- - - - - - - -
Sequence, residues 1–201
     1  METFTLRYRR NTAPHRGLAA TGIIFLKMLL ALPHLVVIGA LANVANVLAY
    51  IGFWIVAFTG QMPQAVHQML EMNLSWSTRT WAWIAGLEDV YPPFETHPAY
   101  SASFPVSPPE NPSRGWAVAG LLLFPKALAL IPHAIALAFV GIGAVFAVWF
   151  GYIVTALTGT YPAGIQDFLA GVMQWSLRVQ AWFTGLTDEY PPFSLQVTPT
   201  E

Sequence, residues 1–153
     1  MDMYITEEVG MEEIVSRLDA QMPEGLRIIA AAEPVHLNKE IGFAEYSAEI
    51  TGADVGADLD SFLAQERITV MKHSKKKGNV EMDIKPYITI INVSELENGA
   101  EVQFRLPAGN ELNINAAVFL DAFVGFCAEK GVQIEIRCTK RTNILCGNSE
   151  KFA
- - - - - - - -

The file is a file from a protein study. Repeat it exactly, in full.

Sequence, residues 1–201
     1  METFTLRYRR NTAPHRGLAA TGIIFLKMLL ALPHLVVIGA LANVANVLAY
    51  IGFWIVAFTG QMPQAVHQML EMNLSWSTRT WAWIAGLEDV YPPFETHPAY
   101  SASFPVSPPE NPSRGWAVAG LLLFPKALAL IPHAIALAFV GIGAVFAVWF
   151  GYIVTALTGT YPAGIQDFLA GVMQWSLRVQ AWFTGLTDEY PPFSLQVTPT
   201  E

Sequence, residues 1–153
     1  MDMYITEEVG MEEIVSRLDA QMPEGLRIIA AAEPVHLNKE IGFAEYSAEI
    51  TGADVGADLD SFLAQERITV MKHSKKKGNV EMDIKPYITI INVSELENGA
   101  EVQFRLPAGN ELNINAAVFL DAFVGFCAEK GVQIEIRCTK RTNILCGNSE
   151  KFA